I was told to think about something. So I did.
My church was sent a letter. It was from a reporter at our local news paper who was asking the community, community leaders, and churches to get involved with a solution to a problem he has seen our small town has.
The problem is: Kids are all over town with nothing to do.
Because of bored kids, vandalism has become a serious issue in the town. Since I moved to the town, I have been reading about the problem nearly every week. Notices in the paper asking everyone to please report anything suspicious, so that maybe this time the police can do something rather than simply make a report and clean up the mess.
The reporter had a big idea for a community center. The description sounds like a recreational center. A great big building filled with fun stuff for kids to do.
I'm all for it. I do have a question though.
How far will we go?
At what point will we decide to stop building places and rooms for them to go to, toys and games and gadgets for them to use, and handing them cell phones so they can check in with a simple text message?
When will we stop and say these kids are worth something more valuable than money - our time.
I simply tried to mow my yard this weekend and ended up with an audience of 6 children. I've never met new children in my house though. I always seem to have to go outside for them. If I want to impact the children in my neighborhood all I have to do is go outside. I can sit in my backyard and throw a ball in the air and children will eventually show up. If I go outside and do this every night, I'll shortly find myself stepping out the door to a waiting crowd.
It wouldn't cost me a dime. But it could very well cost me a few hours.
But I doubt the reporter would send out a letter asking for parents, community leaders, and churches to all give up our time, give of ourselves and teach these kids. If he's smart, he probably knows that not too many people would be willing to. I know very well it's 95 degrees outside when I go home. I don't want to go outside either.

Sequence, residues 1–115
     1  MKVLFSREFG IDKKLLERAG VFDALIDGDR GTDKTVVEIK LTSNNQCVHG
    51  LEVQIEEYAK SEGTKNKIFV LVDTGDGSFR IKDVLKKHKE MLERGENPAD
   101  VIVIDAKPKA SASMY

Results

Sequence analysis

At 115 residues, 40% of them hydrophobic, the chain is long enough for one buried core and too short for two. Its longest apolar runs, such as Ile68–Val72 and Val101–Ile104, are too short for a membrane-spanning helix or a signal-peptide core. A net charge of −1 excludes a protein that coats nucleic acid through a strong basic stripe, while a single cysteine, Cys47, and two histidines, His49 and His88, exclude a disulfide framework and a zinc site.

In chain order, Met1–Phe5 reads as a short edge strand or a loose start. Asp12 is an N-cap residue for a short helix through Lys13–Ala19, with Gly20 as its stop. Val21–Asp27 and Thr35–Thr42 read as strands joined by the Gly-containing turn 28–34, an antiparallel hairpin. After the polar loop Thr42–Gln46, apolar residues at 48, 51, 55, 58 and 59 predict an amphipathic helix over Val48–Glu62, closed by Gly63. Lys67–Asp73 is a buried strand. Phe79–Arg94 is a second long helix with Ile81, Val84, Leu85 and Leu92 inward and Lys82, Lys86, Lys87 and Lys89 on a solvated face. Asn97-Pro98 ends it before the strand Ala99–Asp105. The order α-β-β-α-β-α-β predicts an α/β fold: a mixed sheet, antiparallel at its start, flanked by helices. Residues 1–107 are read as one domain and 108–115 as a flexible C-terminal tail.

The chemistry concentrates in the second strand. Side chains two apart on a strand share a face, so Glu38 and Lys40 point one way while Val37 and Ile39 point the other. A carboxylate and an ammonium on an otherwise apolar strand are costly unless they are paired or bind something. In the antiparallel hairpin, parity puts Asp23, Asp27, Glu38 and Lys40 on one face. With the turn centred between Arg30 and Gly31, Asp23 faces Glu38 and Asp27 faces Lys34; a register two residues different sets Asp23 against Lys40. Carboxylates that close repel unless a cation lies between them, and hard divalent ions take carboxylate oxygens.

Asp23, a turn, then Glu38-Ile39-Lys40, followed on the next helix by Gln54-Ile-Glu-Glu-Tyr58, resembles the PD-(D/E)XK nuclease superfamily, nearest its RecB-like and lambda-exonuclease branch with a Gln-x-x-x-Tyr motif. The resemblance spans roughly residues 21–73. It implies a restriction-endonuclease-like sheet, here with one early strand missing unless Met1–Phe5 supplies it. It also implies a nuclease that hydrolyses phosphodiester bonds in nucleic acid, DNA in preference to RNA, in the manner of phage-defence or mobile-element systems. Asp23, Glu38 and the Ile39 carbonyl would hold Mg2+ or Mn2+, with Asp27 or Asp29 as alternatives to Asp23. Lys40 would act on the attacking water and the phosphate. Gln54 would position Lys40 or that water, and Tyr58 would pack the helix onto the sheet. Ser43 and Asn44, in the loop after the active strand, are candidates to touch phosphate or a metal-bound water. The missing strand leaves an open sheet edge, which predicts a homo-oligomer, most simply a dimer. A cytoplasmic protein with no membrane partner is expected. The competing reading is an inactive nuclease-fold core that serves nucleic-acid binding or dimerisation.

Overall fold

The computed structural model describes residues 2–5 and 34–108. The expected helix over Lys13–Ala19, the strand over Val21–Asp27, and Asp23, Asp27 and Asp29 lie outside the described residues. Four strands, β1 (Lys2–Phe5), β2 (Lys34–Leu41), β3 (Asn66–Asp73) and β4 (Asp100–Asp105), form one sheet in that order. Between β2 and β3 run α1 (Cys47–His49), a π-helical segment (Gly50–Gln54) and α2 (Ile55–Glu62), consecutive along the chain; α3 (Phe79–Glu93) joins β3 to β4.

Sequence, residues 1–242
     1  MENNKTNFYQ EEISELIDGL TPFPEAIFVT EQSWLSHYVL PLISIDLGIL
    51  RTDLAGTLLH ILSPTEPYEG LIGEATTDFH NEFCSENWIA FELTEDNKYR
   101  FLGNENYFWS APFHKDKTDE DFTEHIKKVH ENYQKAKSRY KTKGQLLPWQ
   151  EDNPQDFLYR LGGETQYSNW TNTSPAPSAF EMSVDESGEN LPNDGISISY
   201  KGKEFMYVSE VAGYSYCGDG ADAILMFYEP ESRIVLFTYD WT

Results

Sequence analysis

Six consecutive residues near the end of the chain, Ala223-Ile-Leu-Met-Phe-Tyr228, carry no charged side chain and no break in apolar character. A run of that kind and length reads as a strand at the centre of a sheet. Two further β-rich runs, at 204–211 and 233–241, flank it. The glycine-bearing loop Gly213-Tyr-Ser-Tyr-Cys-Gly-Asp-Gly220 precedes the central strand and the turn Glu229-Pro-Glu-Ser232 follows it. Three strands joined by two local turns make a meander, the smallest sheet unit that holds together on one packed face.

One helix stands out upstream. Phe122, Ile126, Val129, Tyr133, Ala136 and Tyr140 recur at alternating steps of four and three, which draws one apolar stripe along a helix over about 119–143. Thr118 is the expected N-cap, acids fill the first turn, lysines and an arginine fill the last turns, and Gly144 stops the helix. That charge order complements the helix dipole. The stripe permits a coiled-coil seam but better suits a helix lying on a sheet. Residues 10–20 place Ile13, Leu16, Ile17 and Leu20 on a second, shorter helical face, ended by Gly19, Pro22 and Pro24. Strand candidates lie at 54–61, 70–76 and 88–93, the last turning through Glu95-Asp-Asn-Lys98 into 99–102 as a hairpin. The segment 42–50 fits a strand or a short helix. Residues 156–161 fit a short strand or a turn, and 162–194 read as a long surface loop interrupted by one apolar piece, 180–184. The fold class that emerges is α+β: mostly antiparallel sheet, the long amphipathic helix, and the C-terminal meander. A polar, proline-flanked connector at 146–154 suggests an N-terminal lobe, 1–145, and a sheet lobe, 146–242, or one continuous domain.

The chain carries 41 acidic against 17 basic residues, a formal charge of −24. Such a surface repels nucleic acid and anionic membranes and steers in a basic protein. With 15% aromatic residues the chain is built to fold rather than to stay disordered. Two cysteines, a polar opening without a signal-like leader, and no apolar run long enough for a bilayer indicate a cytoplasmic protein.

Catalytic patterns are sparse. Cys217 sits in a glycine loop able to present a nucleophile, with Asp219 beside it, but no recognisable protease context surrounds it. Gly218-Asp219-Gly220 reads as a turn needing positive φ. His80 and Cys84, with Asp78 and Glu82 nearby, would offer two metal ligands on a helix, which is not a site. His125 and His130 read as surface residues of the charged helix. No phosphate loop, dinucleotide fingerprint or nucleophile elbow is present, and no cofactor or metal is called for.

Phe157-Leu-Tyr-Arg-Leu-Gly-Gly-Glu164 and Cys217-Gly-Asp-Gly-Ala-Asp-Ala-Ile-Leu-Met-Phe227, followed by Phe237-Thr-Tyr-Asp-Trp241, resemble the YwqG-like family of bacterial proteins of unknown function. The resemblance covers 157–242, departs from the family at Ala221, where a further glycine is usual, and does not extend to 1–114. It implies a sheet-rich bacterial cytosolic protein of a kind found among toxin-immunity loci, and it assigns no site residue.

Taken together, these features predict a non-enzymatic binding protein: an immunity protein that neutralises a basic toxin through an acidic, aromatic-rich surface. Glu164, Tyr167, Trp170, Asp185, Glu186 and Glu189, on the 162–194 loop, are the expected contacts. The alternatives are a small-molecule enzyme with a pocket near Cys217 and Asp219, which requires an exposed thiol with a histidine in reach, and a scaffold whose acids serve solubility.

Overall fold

It's easier to buy a game. I spent 3 dollars at a thrift store for a game called Torx. I handed it to my niece and nephew and the next 45 minutes were entirely hassle free. I got a lot accomplished. But, it's not the same as when I look them in the eye and say "this time is yours, we're going to spend it together". It doesn't mean you're doing silly things, or playing a game. Sometimes it means you're teaching them how to do laundry. Sometimes it means you're reading a book. Sometimes it means you're just talking about the day.
Kids aren't much to talk to sometimes. I've heard a whole lot of jibber jabber. I've heard words and sounds that I don't understand from the younger kids, and way too many words about virtually nothing from the older ones. But deeply embedded in those words is some priceless information about who your kid is, and how they feel about things you didn't believe they thought about.
The thing is, it works both ways. When you sit down and actually talk, not just convey instructions and schedules or rules, they're able to find out who you are. And how you feel about things they believe you've never faced before.
You can build a big building and send them off to play. They'll enjoy it. Say! I would even enjoy it. 45 minutes of peace and quiet in the house seems priceless. But it's not priceless. It just cost me 45 minutes of my kids life. The only question is what I'm going to hold as more valuable.